Creating Space for Pollinator and Beneficial Insect Habitat on Small Urban Farms
As more people take an active role in urban food production and local food sovereignty, urban farming spaces are increasing in many cities.
Alongside food production, small urban farms and community gardens are valuable locations for adding native habitat pockets, strips, hedgerows and pollinator gardens.
These habitats can be designed to offer a wide array of benefits, from helping wildlife, crop pollination and pest control to benefitting water quality, stormwater management and community.
In this farminar, we discuss the role of pollinators in urban landscapes and see examples of projects to add native habitat in these spaces. Learn techniques you can use on your small urban farm or community garden to boost native biodiversity.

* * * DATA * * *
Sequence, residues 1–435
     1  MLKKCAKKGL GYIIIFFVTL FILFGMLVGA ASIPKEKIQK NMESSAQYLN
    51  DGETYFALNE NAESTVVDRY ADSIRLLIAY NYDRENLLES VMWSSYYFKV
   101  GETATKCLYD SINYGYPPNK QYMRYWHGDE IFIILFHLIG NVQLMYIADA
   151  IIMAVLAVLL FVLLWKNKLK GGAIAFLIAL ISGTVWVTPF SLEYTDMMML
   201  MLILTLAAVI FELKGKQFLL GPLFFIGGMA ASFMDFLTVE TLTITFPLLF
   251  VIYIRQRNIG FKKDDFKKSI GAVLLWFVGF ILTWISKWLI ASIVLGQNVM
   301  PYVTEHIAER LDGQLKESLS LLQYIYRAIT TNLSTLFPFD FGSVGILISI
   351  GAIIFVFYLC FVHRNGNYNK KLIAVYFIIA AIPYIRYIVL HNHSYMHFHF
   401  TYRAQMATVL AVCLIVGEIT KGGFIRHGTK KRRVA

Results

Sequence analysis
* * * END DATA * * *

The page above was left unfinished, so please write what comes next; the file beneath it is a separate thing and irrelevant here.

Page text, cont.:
- Stefanie Steele works for Xerces Society as the pollinator conservation specialist for urban and small farms. She works primarily with underserved communities in the Detroit, Michigan, area, providing technical assistance, planning and education on how to incorporate pollinator and other beneficial invertebrate habitat into urban agricultural areas and community gardens.
- Akello Karamoko is the farmer manager at Keep Growing Detroit, an urban farm and non-profit in Detroit, Michigan, where he also heads the organization’s native plant nursery. Keep Growing Detroit focuses on cultivating a food sovereign city where the majority of fruits and vegetables consumed are grown by residents within the city’s limits.